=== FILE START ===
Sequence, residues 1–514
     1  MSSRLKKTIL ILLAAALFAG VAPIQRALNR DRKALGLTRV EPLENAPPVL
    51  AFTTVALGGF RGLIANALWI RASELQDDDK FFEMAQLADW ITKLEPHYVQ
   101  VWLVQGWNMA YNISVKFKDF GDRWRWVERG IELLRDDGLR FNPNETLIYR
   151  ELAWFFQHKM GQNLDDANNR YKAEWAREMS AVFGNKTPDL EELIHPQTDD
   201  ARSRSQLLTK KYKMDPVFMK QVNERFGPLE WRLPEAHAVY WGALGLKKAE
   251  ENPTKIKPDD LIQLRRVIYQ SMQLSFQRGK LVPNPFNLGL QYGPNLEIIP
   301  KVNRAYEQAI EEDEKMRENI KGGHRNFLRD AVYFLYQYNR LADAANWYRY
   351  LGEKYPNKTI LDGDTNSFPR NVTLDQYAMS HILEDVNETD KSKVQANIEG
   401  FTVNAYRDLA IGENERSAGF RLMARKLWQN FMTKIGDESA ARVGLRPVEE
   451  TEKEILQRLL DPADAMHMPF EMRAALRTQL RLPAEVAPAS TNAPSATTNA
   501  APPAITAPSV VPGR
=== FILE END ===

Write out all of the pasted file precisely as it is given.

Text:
Sequence, residues 1–514
     1  MSSRLKKTIL ILLAAALFAG VAPIQRALNR DRKALGLTRV EPLENAPPVL
    51  AFTTVALGGF RGLIANALWI RASELQDDDK FFEMAQLADW ITKLEPHYVQ
   101  VWLVQGWNMA YNISVKFKDF GDRWRWVERG IELLRDDGLR FNPNETLIYR
   151  ELAWFFQHKM GQNLDDANNR YKAEWAREMS AVFGNKTPDL EELIHPQTDD
   201  ARSRSQLLTK KYKMDPVFMK QVNERFGPLE WRLPEAHAVY WGALGLKKAE
   251  ENPTKIKPDD LIQLRRVIYQ SMQLSFQRGK LVPNPFNLGL QYGPNLEIIP
   301  KVNRAYEQAI EEDEKMRENI KGGHRNFLRD AVYFLYQYNR LADAANWYRY
   351  LGEKYPNKTI LDGDTNSFPR NVTLDQYAMS HILEDVNETD KSKVQANIEG
   401  FTVNAYRDLA IGENERSAGF RLMARKLWQN FMTKIGDESA ARVGLRPVEE
   451  TEKEILQRLL DPADAMHMPF EMRAALRTQL RLPAEVAPAS TNAPSATTNA
   501  APPAITAPSV VPGR